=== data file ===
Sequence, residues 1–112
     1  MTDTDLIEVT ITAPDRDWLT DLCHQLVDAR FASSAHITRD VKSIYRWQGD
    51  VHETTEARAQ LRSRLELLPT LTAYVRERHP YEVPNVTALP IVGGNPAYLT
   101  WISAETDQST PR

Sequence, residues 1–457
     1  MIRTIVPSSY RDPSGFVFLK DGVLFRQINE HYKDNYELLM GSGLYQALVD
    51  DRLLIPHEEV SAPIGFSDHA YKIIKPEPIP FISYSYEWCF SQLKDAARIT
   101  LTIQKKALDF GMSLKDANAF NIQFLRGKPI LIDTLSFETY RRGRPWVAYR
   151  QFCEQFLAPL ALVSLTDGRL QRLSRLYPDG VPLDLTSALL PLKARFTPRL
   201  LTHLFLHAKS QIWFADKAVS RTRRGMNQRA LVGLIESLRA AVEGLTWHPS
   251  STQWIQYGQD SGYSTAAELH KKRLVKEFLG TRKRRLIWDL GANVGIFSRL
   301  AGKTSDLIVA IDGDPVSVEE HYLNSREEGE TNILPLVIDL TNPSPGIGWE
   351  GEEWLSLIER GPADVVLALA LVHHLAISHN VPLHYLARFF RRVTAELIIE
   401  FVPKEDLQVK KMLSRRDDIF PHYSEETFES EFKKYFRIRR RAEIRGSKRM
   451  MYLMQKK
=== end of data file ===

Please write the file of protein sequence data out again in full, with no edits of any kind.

Sequence, residues 1–112
     1  MTDTDLIEVT ITAPDRDWLT DLCHQLVDAR FASSAHITRD VKSIYRWQGD
    51  VHETTEARAQ LRSRLELLPT LTAYVRERHP YEVPNVTALP IVGGNPAYLT
   101  WISAETDQST PR

Sequence, residues 1–457
     1  MIRTIVPSSY RDPSGFVFLK DGVLFRQINE HYKDNYELLM GSGLYQALVD
    51  DRLLIPHEEV SAPIGFSDHA YKIIKPEPIP FISYSYEWCF SQLKDAARIT
   101  LTIQKKALDF GMSLKDANAF NIQFLRGKPI LIDTLSFETY RRGRPWVAYR
   151  QFCEQFLAPL ALVSLTDGRL QRLSRLYPDG VPLDLTSALL PLKARFTPRL
   201  LTHLFLHAKS QIWFADKAVS RTRRGMNQRA LVGLIESLRA AVEGLTWHPS
   251  STQWIQYGQD SGYSTAAELH KKRLVKEFLG TRKRRLIWDL GANVGIFSRL
   301  AGKTSDLIVA IDGDPVSVEE HYLNSREEGE TNILPLVIDL TNPSPGIGWE
   351  GEEWLSLIER GPADVVLALA LVHHLAISHN VPLHYLARFF RRVTAELIIE
   401  FVPKEDLQVK KMLSRRDDIF PHYSEETFES EFKKYFRIRR RAEIRGSKRM
   451  MYLMQKK